Should Children Be Taught How To Grow Food As Part Of Their Schooling?

Our children live in a fast-paced society, and their life has become much easier than the one we were used to.

I know countless applications that can do their tasks and assignments instead of them, and they can type just a few words on their computers and find everything they need, without having to jog their memory or use their knowledge.

Yet, many fear that in this way, we are raising slouches, irresponsible future adults, and a burden to our society. There is no doubt that new inventions have provided more comfort than we ever dreamed of living in.

Yet, it is every parent’s responsibility to encourage and stimulate their children to explore, learn, and succeed.

In doing so, we should not let the old practices get forgotten.

Many maintain that by teaching our children how to grow their food we can teach them to be responsible and self-dependent. Wouldn’t it be nice for them to be able to produce all the food items they need, especially now, when organic foods have become a matter of necessity?

Researchers have found that children who are taught to grow their own food develop a trait called “food empath”, that helps them lead a healthier life, and eat a healthier, nutrient-rich diet.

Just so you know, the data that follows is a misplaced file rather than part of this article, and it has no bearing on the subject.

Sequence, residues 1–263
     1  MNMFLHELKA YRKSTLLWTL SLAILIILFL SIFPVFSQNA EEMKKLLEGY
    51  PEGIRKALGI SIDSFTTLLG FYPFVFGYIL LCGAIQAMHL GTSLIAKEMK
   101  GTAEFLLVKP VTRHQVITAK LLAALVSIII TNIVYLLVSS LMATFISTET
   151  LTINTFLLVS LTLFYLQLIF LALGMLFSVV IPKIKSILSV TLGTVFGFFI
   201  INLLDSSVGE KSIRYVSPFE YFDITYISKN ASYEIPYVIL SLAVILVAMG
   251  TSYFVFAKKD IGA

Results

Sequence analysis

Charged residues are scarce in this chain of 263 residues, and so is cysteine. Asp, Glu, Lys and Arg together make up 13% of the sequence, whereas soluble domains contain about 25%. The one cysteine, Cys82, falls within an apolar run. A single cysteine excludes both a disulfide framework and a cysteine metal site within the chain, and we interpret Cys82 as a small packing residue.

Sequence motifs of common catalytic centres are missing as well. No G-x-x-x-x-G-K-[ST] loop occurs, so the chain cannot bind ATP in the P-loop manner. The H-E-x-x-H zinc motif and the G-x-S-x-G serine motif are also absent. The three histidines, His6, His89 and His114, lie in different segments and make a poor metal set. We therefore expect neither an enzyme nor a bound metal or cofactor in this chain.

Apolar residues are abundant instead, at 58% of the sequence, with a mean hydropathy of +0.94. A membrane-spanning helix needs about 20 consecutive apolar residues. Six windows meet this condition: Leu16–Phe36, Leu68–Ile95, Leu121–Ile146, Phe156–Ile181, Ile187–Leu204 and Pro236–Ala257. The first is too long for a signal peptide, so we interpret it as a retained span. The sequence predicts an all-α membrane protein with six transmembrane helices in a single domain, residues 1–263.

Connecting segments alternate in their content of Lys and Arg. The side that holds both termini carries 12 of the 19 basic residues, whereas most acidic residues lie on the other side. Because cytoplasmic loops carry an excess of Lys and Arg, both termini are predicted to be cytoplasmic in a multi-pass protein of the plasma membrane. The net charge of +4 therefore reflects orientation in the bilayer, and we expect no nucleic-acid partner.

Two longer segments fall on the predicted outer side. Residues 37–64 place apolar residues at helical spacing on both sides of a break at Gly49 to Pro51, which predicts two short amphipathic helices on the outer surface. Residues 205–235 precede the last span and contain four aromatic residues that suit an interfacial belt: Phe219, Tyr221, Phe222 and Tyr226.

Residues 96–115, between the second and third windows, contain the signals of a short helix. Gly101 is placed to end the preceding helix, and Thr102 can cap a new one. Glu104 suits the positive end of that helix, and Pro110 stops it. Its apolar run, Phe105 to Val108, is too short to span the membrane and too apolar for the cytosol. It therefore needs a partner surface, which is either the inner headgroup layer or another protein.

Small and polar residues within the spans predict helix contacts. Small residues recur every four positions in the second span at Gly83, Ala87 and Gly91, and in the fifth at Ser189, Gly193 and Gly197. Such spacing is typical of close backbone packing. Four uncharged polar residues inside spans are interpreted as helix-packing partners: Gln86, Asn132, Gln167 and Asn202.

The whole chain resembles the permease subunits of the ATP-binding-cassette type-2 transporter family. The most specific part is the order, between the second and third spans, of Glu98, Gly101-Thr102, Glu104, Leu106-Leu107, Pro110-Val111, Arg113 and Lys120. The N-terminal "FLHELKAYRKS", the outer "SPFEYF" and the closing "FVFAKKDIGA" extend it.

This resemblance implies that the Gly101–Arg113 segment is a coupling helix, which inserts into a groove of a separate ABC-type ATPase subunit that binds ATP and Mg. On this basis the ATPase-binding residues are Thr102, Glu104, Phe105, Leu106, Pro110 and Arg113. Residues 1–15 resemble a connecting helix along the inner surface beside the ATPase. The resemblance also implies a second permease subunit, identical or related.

Gardening offers kids an opportunity to be physically active, learn more about nutrition, gain a love for nature, and develop important skills like cooperation and teamwork, creativity, discovery, and self-confidence.

Watching plants grow will be an educational experience for children, as they will learn how nature works, they will become interested in environmental sustainability, and will be encouraged to cook their own food and reduce their reliance on junk food.

According to the world-renowned French chef, Raymond Blac, gardening lessons at school should be compulsory, as they will teach them the value of healthy and organic foods, which is especially important in times when food-related health issues are on the rise.

Chef Blac says:

“We have a wonderful opportunity to truly reconnect with food. We need to engage with the outside world, with our gardens and the life within them.

Children need to learn the simple magic of taking food from the seed, from the earth or from the rivers and then to transform it into something simple and delicious.

We have a multi-billion dollar problem with heart disease, diabetes, and obesity because of intensive farming and heavily processed food. We could learn to eat carrot soup produced from our gardens.”

What is your stance on this?


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